SUMMERS: You've mentioned that a vote by Brown's board would happen this fall. I'm hoping you can map out the steps that happen before that. We're here in May. What happens next?

GARO: Well, what happens next is the presentation to a group of corporation members actually this month. So that was also guaranteed in the agreement, that we will get to present our report, the addendums to the '20 ACCRIP report, detailing what divestment from the Israeli occupation might look like here at Brown.

After that, it will be a lot of mobilizing. And the lead-up to the October corporation meeting - what that looks like, exactly, you know, I can't know. But I'm confident in the ability of my fellow activists to do the work and to do it right.

SUMMERS: You're there on campus. What has the response been from your fellow students to this latest development?

GARO: Right. I mean, there's a lot of responses, right? Some people are just relieved that there's finally movement in this campaign. Some people never liked the protests in the first place and are simply relieved the encampment is gone. There's also some people who have expressed some disappointment. You know, they wanted to see divestment outright.

SUMMERS: The vote that we've been talking about - it doesn't happen for six months, and none of us have any way to know what public sentiment may feel like then, what it may look like then. But you sound incredibly confident that this vote in six months could go your way. What makes you so sure that the sentiment will be on your side then?

GARO: I think the hope of a yes vote in October is actually really mobilizing. I think it fuels the fire of this movement. I am excited to see how we continue to organize. When we do clinch that yes vote in October, there will be students around the country who see that. Even if the media is not all zeroed in on this movement then, the students will be.

SUMMERS: That's Isabella Garo, a senior at Brown University and a member of the Brown Divest Coalition. Isabella, thank you.

GARO: Thank you so much.

SUMMERS: We reached out to Brown University for comment, and University spokesperson Brian Clark sent a Response. It reads in part, quote, "reaching a peaceful end to the unauthorized encampment was an important focus over the last few days." He continued, and I'm quoting here, "the Brown endowment is almost entirely invested through external specialist investment managers, all with the highest level of ethics. This includes the rejection of violence." Transcript provided by NPR, Copyright NPR.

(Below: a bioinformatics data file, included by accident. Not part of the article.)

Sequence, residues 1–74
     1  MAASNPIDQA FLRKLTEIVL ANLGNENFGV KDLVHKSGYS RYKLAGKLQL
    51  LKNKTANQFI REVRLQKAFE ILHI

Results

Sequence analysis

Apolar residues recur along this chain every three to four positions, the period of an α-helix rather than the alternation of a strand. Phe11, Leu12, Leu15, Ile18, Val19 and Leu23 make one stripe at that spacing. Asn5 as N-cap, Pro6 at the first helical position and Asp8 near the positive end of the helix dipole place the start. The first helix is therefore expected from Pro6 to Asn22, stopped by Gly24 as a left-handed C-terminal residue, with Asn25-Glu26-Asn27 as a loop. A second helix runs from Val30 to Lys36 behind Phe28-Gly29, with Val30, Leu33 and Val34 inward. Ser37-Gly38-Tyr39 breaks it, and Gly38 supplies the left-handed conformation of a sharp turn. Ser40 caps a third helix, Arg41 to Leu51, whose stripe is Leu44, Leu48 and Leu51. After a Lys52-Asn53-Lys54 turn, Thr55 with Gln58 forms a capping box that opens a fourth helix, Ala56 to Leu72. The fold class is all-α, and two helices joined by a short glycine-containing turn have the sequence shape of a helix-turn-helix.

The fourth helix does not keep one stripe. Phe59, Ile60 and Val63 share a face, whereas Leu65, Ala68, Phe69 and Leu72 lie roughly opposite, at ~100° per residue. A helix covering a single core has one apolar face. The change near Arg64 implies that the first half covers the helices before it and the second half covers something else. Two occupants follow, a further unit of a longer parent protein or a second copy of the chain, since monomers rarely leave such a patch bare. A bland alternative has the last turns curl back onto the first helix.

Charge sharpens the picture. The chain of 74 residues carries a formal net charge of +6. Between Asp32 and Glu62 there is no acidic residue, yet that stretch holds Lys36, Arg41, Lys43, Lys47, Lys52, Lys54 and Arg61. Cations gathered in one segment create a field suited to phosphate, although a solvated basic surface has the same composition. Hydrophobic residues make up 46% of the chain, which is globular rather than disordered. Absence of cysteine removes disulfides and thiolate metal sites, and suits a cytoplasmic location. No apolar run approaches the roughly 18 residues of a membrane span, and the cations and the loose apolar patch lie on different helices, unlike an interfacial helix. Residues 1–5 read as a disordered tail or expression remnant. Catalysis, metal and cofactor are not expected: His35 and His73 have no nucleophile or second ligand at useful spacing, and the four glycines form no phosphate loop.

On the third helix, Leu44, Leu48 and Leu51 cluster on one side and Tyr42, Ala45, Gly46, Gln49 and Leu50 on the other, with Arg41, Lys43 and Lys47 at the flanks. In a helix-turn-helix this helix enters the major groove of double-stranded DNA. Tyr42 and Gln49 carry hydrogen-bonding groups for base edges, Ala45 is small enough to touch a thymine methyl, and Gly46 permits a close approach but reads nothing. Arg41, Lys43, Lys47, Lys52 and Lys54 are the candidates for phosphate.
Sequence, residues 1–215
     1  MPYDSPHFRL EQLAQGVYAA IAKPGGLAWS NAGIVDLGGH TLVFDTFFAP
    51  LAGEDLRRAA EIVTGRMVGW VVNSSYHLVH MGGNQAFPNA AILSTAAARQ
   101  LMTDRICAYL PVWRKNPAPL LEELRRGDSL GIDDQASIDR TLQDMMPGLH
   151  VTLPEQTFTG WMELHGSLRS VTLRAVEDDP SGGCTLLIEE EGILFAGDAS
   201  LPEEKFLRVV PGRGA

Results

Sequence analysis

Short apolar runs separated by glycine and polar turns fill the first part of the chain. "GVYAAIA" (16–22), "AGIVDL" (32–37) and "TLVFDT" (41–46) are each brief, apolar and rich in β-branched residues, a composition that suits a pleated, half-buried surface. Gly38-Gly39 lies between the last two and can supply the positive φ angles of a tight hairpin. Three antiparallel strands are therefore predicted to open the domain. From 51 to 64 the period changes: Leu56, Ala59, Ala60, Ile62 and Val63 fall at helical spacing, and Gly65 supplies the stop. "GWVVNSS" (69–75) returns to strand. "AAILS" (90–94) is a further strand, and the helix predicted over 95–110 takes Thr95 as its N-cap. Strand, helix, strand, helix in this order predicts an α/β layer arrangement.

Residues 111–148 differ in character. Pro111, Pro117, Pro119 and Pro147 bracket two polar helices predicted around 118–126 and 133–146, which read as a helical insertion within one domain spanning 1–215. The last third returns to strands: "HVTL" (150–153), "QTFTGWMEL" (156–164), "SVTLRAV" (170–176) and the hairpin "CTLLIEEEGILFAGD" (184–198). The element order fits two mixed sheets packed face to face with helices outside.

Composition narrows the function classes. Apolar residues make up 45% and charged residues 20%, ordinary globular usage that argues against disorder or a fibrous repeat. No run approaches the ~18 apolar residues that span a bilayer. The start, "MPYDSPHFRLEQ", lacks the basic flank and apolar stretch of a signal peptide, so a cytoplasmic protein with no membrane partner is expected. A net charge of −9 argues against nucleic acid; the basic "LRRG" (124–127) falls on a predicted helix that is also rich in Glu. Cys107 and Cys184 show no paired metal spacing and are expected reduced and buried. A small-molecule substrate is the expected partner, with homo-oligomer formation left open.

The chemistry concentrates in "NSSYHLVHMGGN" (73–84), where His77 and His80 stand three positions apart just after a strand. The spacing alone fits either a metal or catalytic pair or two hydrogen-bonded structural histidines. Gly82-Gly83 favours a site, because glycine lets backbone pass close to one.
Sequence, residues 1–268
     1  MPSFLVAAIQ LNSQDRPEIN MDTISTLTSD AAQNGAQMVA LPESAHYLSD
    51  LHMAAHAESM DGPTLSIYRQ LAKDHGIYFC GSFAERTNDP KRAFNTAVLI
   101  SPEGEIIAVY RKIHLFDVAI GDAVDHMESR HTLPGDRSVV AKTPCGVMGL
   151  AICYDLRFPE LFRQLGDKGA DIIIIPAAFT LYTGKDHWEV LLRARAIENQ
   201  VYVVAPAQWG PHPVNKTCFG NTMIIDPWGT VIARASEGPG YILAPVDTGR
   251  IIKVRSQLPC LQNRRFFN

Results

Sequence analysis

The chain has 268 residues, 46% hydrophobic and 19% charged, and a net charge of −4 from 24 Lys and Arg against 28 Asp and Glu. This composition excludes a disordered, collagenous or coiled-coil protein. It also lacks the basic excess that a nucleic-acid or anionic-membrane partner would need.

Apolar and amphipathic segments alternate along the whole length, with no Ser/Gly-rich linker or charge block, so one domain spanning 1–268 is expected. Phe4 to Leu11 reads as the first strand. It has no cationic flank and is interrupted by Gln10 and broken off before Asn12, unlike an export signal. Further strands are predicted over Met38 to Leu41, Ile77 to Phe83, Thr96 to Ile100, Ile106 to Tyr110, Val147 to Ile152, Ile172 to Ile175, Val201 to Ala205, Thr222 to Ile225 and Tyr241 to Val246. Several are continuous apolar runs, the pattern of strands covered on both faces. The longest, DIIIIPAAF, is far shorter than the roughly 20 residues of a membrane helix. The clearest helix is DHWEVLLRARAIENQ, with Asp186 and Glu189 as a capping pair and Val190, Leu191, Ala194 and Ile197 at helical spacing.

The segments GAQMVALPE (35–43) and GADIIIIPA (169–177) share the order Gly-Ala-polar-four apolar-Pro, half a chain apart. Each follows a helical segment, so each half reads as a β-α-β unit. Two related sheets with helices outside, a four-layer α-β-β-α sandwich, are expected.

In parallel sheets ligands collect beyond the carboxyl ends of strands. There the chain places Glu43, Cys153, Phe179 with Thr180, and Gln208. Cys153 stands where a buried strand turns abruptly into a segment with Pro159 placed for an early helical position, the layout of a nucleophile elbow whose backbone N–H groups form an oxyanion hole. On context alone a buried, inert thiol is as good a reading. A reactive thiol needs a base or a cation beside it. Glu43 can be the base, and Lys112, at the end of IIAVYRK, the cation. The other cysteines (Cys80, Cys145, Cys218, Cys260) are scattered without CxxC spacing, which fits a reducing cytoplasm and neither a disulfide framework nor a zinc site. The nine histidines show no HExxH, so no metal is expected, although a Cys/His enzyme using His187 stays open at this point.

NPR transcripts are created on a rush deadline by an NPR contractor. This text may not be in its final form and may be updated or revised in the future. Accuracy and availability may vary. The authoritative record of NPR’s programming is the audio record.

Lauren Hodges is an associate producer for All Things Considered. She joined the show in 2018 after seven years in the NPR newsroom as a producer and editor. She doesn't mind that you used her pens, she just likes them a certain way and asks that you put them back the way you found them, thanks. Despite years working on interviews with notable politicians, public figures, and celebrities for NPR, Hodges completely lost her cool when she heard RuPaul's voice and was told to sit quietly in a corner during the rest of the interview. She promises to do better next time.
Michael Levitt
Michael Levitt is a news assistant for All Things Considered who is based in Atlanta, Georgia. He graduated from UCLA with a B.A. in Political Science. Before coming to NPR, Levitt worked in the solar energy industry and for the National Endowment for Democracy in Washington, D.C. He has also travelled extensively in the Middle East and speaks Arabic.
Tinbete Ermyas
[Copyright 2024 NPR]
Juana Summers is a political correspondent for NPR covering race, justice and politics. She has covered politics since 2010 for publications including Politico, CNN and The Associated Press. She got her start in public radio at KBIA in Columbia, Mo., and also previously covered Congress for NPR.